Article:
The following are the biopsy criteria listed in other literature for EoG, EG, and eosinophilic colitis. Endoscopic findings may seem normal at first glance; however, erythema, white specks, focal erosions, ulcerations, fold thickening, polyps, nodules, and friability have all been documented [1,12].

More than 30 eosinophils per HPF was recommended as a reasonable threshold to diagnose EoG due to the variable histo-logical appearance of EGID, whereas more than 50 eosinophils per HPF in the right colon, more than 35 eosinophils per HPF in the transverse colon, or more than 25 eosinophils per HPF in the left colon was recommended to diagnose eosino-phil infiltration [1,12,15].

The patient in case 1 also had clinical manifestations of gastric inflammation without other causes, with a picture of gastric mucosal inflammation with eosinophil infiltration in the lamina propria to the muscularis mucosa eosinophil count >30 per HPF at 5 HPFs. Improved clinical changes were seen in both patients after 4 weeks of therapy with anti-allergic administration (desloratadine 5 mg q.d) and even without proton-pump inhibitor therapy in the second to fourth week of therapy in combination with an elimination diet. In case 1, the patient 1 had a strong family history of atopy accompanied by evidence of specific allergy markers from the skin prick test and IgE atopy results. Although the data showed a low ANA immunofluorescence of 1: 100 with a speckled pattern, blood serology test of the ANA-profile, DSF70 antibodies were found, which is a strong marker of allergy and can exclude the possibility of autoimmune involvement [16]. Additionally, the patient’s screening findings for systemic lupus erythematosus using the SLICC grading system did not match.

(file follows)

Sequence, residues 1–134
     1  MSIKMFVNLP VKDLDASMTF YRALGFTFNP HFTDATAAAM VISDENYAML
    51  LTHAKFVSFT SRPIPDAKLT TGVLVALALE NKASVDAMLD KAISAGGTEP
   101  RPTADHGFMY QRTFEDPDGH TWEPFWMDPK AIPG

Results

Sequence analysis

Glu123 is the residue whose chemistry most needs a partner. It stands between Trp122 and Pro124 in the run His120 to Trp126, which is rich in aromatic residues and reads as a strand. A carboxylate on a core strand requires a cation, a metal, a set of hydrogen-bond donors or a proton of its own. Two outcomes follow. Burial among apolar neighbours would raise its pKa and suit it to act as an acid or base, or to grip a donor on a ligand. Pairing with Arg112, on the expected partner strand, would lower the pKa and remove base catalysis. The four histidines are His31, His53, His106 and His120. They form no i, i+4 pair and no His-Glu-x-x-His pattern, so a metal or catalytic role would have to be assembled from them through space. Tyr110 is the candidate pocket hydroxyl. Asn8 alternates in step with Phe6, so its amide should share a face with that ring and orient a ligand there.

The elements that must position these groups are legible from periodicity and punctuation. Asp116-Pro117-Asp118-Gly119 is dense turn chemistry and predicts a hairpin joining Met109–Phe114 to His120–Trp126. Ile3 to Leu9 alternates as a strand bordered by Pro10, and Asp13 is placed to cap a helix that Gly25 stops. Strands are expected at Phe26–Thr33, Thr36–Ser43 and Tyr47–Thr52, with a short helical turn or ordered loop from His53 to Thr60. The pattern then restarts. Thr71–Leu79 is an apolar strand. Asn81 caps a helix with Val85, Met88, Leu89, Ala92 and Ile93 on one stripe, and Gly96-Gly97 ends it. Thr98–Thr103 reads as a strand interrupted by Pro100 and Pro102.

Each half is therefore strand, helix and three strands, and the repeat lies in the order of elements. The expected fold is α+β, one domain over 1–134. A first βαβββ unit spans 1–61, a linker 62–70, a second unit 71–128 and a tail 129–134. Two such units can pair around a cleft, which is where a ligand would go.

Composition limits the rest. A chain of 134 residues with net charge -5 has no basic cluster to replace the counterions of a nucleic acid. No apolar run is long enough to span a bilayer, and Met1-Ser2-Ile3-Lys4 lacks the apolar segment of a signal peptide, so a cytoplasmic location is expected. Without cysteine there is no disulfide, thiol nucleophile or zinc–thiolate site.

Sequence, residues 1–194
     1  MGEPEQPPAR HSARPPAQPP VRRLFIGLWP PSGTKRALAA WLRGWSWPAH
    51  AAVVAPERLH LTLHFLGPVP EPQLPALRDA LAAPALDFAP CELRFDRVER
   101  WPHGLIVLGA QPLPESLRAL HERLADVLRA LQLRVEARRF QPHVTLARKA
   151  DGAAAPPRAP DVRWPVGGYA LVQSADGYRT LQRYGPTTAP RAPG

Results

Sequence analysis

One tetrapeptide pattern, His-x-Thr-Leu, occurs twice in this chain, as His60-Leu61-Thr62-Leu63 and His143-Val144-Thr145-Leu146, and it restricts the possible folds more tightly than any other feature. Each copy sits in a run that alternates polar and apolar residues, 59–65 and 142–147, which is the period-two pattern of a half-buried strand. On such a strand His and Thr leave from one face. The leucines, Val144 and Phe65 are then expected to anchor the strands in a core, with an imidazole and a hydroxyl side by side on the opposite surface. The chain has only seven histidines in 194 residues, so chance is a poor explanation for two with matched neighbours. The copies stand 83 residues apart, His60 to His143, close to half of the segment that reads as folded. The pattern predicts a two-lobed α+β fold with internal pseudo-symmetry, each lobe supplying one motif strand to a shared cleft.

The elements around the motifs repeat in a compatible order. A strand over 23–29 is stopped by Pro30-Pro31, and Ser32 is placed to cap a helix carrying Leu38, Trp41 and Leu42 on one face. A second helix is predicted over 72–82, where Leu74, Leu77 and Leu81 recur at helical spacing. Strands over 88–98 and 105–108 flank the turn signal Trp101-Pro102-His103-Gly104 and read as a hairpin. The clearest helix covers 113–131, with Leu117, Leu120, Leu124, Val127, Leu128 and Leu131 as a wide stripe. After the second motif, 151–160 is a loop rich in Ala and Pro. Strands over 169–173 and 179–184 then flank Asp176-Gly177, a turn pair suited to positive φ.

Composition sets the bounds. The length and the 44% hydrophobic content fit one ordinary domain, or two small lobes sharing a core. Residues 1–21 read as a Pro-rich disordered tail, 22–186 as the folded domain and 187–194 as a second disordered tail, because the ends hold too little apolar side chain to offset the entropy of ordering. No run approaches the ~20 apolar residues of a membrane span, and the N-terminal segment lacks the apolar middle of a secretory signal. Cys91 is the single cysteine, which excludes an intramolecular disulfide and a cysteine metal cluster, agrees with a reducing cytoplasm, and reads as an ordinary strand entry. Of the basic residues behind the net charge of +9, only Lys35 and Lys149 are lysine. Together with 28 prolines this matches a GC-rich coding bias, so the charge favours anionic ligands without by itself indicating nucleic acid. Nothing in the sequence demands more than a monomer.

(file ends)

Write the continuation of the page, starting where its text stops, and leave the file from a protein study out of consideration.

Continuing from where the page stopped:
In case 2, the first clinical manifestation that appeared and stood out was profuse nausea and vomiting. In addition, the patient experienced abdominal pain in several locations, specifically in the left upper quadrant to the lower left quadrant. Hence, the gastroenterologist decided to do an EGD and colonoscopy examination. The endoscopy results showed inflammation in the esophagus to the colon, but biopsies were performed only on the gastric and colonic mucosa. Since the patient did not have dysphagia symptoms, the decision was made because the inflammation in the esophagus was mild (Los Angeles classification grade A), which may have been caused by the patient’s recurrent reflux. The patient in case 2 had an increase in serum IgE, which was higher than that in case 1; however, the ANA immunofluorescence was negative. Desloratadine and lanzoprazole were administered for 4 weeks, and the patient’s symptoms improved after that time; they had previously not improved with oral proton-pump inhibitor, sucralfate, and prokinetic agents, such as domperidone. Re-exposure to the allergic food brought on the symptoms again; thus, dietary elimination and anti-allergy administration proved effective to improve the symptoms.